|Season Two||May 31, 2005||13||This three-disc boxset includes all 13 episodes from season two. Special features include commentaries and interviews with Brendon Small, Melissa Galsky and executive producer Loren Bouchard, Winner of the “Small Shorts” film contest, animatics, songs from the series, Landstander, and the Decide Your Doom interactive adventure video game. It also includes a “how-to” guide to playing the Home Movies theme.|
|Season Three||November 15, 2005||13||This three-disc boxset includes all 13 episodes from season three. Special features include commentaries, animatics and a featurette for “People who don’t necessarily like Home Movies.”|
|Season Four||May 16, 2006||13||This three-disc boxset includes all 13 episodes from season four. Special features include 24 commentaries, animatics, and featurettes. Also included is the Home Movies: Bonus Soundtrack CD with 52 tracks composed and performed by Small for the show.|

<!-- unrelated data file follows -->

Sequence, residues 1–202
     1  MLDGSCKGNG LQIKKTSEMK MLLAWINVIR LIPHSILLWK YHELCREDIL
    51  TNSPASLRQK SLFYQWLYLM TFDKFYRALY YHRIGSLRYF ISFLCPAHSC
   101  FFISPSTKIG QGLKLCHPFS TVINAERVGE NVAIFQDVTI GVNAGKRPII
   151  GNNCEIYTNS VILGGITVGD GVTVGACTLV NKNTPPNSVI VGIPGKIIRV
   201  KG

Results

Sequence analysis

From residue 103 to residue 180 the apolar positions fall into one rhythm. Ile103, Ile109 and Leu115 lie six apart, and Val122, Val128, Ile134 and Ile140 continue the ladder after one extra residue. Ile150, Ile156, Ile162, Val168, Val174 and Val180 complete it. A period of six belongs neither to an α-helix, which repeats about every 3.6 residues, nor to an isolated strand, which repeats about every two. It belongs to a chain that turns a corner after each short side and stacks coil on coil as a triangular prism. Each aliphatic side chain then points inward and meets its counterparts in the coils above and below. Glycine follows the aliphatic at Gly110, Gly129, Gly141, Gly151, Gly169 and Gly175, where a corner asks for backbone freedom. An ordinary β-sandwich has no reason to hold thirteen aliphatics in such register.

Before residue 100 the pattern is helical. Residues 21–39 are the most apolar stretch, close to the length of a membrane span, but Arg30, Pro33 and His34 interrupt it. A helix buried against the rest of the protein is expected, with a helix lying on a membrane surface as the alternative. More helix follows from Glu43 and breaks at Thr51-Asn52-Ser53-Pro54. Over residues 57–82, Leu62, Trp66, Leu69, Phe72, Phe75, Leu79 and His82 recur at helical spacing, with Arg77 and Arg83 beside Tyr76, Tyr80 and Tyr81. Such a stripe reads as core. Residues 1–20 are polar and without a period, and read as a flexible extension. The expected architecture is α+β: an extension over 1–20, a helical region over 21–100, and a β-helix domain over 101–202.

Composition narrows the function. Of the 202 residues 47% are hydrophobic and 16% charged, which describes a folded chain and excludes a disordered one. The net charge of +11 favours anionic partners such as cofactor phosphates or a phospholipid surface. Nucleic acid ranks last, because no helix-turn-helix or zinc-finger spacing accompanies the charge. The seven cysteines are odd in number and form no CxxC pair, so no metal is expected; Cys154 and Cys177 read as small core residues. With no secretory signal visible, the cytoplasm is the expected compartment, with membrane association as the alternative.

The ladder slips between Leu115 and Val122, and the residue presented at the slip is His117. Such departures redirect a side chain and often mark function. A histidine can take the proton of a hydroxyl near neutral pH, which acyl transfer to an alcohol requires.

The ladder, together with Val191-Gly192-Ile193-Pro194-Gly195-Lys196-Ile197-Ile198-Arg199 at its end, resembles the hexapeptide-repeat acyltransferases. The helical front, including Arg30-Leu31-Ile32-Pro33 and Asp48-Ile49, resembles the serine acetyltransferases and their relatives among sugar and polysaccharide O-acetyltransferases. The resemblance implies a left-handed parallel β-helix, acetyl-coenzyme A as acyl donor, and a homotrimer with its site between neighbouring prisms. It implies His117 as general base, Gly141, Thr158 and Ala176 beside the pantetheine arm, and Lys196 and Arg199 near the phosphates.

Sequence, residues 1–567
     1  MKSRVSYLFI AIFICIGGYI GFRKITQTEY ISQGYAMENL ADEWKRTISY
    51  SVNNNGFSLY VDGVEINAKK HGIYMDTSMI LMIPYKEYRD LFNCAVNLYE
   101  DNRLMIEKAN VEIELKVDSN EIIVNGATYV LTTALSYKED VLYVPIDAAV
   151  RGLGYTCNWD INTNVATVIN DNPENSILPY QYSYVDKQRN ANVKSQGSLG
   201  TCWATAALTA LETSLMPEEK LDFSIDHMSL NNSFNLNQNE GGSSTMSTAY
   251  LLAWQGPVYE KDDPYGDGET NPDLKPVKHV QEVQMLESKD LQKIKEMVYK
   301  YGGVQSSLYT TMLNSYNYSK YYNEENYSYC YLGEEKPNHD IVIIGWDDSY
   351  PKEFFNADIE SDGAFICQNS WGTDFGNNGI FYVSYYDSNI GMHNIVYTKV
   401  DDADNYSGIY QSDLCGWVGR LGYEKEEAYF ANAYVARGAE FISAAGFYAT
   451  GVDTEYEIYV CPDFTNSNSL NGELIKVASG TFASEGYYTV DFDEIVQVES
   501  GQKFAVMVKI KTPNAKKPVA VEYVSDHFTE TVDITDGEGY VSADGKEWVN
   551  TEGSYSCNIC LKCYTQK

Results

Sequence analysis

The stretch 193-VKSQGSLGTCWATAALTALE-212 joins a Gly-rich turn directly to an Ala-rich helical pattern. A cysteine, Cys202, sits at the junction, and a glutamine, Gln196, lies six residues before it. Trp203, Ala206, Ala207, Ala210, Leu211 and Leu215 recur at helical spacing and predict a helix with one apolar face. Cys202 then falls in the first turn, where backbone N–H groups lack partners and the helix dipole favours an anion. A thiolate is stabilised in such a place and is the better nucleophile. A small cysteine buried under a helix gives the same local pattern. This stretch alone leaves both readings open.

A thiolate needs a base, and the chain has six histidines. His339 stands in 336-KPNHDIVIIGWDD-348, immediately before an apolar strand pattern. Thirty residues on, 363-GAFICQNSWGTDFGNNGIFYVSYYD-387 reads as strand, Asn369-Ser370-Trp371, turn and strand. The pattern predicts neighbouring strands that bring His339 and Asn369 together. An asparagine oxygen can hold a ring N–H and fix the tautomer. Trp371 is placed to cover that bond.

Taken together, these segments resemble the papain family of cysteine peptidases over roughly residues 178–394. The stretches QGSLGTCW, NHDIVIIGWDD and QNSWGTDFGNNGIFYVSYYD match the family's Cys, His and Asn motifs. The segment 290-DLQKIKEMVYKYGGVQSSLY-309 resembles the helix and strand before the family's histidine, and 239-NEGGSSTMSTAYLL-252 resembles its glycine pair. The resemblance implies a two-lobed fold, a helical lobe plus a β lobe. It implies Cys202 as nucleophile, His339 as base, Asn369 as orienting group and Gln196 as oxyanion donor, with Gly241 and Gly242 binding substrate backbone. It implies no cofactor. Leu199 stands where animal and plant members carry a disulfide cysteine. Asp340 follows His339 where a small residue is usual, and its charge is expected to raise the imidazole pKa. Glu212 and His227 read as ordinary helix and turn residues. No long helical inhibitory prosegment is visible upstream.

|Home Movies 10th Anniversary Set||November 4, 2008||52||This 10th Anniversary thirteen-disc boxset includes every episode of Home Movies plus new special features, as well as the CD included in the Season Four boxset.|
Shout! Factory, through Sony BMG Music Entertainment, releases DVDs of Home Movies seasons, each on three-disc box sets. Each DVD has numerous special features and easter eggs. Shout! Factory later on released all of the Home Movies episodes on Amazon Video on Demand.
Non-regular cast/guest stars
- Paula Poundstone (first five episodes as Paula; replaced by Janine Ditullio)
- Louis C.K.
- Todd Barry
- Mitch Hedberg
- Sam Seder
- Bill Braudis
- Jonathan Katz
- Laura Silverman
- Patton Oswalt
- Jen Kirkman
- Will Le Bow
- Andy Kindler
- Kelly Kimball
- Paula Plum
- Maria Bamford
- Eugene Mirman
- Emo Philips
- Loren Bouchard
- Larry Murphy
- They Might Be Giants
- Hansen, Tony. "Dr. Katz: Home Movies", AllExperts, March 27, 2003. Retrieved June 23, 2007.
- Amazon.com: Home Movies 10th Anniversary Set [Limited Edition] [Deluxe Edition]: Brendon Small, H. Jon Benjamin, Paula Poundstone, Melissa Bardin Galsky, loren bouchar...